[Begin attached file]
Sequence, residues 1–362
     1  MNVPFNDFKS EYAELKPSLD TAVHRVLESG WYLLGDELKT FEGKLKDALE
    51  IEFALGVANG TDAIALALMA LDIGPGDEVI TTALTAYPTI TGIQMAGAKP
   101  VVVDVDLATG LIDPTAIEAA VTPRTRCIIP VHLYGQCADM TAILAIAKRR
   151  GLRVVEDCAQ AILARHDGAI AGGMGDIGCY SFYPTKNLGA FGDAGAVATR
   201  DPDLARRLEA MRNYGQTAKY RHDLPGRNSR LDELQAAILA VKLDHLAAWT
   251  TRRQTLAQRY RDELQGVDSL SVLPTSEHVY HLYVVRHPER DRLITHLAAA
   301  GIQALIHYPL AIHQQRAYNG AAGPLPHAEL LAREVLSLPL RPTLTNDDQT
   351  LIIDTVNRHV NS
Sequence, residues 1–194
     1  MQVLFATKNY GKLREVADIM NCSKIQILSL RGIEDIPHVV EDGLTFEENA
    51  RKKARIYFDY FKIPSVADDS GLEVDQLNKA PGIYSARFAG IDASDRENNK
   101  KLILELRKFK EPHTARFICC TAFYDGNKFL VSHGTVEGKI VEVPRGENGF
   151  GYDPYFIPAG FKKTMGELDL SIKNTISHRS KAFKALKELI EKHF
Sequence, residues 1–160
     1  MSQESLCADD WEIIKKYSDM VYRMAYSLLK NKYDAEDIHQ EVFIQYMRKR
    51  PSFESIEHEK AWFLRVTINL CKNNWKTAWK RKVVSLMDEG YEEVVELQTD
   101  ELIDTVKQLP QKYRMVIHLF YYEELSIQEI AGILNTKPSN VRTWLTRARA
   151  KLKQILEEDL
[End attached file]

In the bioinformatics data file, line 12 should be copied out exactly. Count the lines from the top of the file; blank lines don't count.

    51  RKKARIYFDY FKIPSVADDS GLEVDQLNKA PGIYSARFAG IDASDRENNK